So, as we all know by now, Slash and Duff have joined Axl’s Guns N’ Roses wagon. How long for is anyone’s guess, as is the question over why they bothered (while not exactly my cup of coffee, Slash is doing really well with that Myles Kennedy chap. So much so, that I reckon his ‘brand’ is stronger than GN’R these days). There have also been some articles zipping around the information super-highway about them recording. As someone who loved GN’R when I was a tad younger, I’ve been surprised by how indifferent I feel about this whole thing. Kinda the same way I felt about Chinese Democracy. Perhaps I’ll pick up the Record Store Day 2034 double LP.
But seriously, what happens when they’ve played Appetite For Destruction? What then? Cause that’s really what folks want. And this isn’t even Guns N’ Roses. Isn’t it just Axl Rose with guest stars Slash and Duff?
Anyhoo, to celebrate the ‘return of GN’R’, I’ll be highlighting a couple of my favourite GN’R related projects. Reasons not to bother with ‘The Most Dangerous Band In the World’ (© GN’R 1986). So, despite the GN’R fever gripping the world of rock n’ roll, put away your GN’R sweatbands, Charlie Manson t-shirts, red bandannas, and GN’R records / CDs / tapes (most likely Appetite For Destruction, right?).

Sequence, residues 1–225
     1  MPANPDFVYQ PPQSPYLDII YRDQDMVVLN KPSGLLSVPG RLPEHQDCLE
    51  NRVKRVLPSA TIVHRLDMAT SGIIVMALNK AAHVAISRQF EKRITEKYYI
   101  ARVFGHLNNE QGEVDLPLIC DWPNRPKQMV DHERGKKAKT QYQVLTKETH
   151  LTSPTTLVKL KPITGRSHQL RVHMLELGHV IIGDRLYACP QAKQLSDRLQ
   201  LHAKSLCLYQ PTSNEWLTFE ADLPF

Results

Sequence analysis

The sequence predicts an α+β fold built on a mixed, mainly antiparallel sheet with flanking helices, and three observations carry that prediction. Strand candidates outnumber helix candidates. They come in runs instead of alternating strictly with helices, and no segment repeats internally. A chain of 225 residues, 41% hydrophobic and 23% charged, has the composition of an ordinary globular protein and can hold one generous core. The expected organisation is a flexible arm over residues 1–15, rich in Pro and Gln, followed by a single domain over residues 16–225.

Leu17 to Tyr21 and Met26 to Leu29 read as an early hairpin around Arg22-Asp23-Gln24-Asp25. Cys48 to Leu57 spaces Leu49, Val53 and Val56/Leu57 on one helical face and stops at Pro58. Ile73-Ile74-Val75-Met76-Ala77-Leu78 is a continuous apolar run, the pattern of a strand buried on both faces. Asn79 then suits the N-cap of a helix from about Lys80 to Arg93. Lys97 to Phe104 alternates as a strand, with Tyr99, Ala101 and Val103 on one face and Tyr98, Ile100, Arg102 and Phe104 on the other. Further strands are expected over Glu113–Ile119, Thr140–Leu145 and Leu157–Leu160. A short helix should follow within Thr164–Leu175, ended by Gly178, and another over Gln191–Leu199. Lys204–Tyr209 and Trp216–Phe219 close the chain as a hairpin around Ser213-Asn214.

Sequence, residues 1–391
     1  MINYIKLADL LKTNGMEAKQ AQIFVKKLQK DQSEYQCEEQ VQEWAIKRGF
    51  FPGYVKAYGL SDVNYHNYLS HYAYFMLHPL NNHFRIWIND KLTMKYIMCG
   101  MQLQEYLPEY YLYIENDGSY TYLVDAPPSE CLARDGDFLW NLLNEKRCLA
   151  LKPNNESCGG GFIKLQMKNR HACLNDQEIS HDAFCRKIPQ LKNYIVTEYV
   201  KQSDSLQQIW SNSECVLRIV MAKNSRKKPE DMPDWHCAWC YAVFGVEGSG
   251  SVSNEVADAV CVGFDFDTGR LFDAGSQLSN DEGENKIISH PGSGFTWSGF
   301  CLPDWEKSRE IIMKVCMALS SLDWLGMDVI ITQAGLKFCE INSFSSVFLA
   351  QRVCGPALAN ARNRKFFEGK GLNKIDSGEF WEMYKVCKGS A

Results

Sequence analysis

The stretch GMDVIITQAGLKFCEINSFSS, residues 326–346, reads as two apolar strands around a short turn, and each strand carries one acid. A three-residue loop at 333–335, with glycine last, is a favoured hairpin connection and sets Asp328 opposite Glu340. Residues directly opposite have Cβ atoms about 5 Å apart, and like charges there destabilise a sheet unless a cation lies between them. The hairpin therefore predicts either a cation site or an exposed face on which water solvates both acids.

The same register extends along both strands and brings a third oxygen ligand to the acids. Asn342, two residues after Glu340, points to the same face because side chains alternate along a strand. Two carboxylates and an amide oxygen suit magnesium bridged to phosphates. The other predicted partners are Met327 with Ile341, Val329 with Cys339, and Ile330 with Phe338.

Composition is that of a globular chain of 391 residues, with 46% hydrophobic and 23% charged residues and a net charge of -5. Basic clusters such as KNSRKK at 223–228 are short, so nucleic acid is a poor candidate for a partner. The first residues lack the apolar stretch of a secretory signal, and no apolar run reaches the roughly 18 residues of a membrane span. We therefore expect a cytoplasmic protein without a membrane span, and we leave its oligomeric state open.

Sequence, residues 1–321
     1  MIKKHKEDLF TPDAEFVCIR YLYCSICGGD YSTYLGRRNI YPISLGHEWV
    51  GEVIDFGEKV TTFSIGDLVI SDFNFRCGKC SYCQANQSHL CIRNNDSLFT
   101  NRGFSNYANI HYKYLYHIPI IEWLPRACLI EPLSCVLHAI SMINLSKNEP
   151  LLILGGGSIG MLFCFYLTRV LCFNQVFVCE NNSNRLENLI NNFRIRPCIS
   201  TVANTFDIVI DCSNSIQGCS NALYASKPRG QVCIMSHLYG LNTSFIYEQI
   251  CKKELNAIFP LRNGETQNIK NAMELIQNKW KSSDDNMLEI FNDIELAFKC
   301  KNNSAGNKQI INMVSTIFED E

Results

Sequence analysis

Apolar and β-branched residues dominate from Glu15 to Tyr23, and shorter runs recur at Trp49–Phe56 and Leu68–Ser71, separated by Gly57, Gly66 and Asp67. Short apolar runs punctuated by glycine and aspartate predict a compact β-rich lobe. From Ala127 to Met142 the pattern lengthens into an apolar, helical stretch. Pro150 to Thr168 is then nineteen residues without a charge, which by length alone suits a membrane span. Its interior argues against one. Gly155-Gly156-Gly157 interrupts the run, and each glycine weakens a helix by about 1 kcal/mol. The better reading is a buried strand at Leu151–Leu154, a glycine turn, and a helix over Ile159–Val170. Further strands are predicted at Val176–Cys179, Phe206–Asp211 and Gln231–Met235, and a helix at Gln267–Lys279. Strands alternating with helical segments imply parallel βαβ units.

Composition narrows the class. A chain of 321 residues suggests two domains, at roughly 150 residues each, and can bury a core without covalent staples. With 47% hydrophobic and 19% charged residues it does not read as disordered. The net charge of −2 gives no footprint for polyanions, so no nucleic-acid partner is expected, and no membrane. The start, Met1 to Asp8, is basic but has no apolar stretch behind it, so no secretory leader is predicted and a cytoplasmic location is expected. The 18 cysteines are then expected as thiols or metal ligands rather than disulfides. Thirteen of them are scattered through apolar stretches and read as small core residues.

Not that I’m anti-Guns N’ Roses or anything.
10 Minute Warning – 10 Minute Warning
Sub Pop, 1998
Duff returned to his pre-GN’R outfit at the request / suggestion of Pearl Jam’s Stone Gossard. See, Ten Minute Warning were one of Seattle’s finest before they split in 1984. You could say they were one of the scene’s most important bands. They took punk and hardcore and slowed it down; played it heavier and sludgier than folks had considered doing before and their influence can be heard in the likes of Soundgarden, Green River, Alice In Chains, and even Pearl Jam (Stone Gossard credits them as the band that inspired him to learn guitar, Jeff Ament was also a fan -“we were in such awe of that band”, and Mark Arm “couldn’t believe that Duff quit Ten Minute Warning and moved to L.A. for this” when he saw GN’R “butcher the Stones” in 1985).
Though an album was recorded for Jello Biafra’s Alternative Tentacles label, nothing was released prior to their break-up. However, following the band’s reunion, they headed in with Jack Endino and recorded their debut for Sub Pop. Despite being absent for a good 14 years and needing to recruit a new singer, the music still flows with all that good stuff that made the Seattle scene special. There’s the muddy Soundgarden-esque riffage and Alice In Chains-ish grind in the likes of Pictures and Earthe, while the opener Swollen Rage has the swagger of five guys walking down a street on a cold winter evening. Buried might be something Axl Rose would have liked to rant over, while you can hear their Black Flag influences on No More Time and Is This The Way? (Henry Rollins once called them the “punk rock Hawkwind”).
Unfortunately, the band went their separate ways (again) a few months after releasing the album. But it’s a belter. A heavy, grinding punk-rock force.
Steve Varewolf (vocals 1982-1984)
Christopher Blue (vocals 1996-1998)
Paul Solger (lead guitar)
Duff McKagan (guitar)
Greg Gilmore (drums)
David Garrigues (bass)
Quotes attributed to Jeff Ament, Mark Arm, and Henry Rollins from Greg Prato’s Grunge Is Dead: The Oral History Of Seattle Rock Music.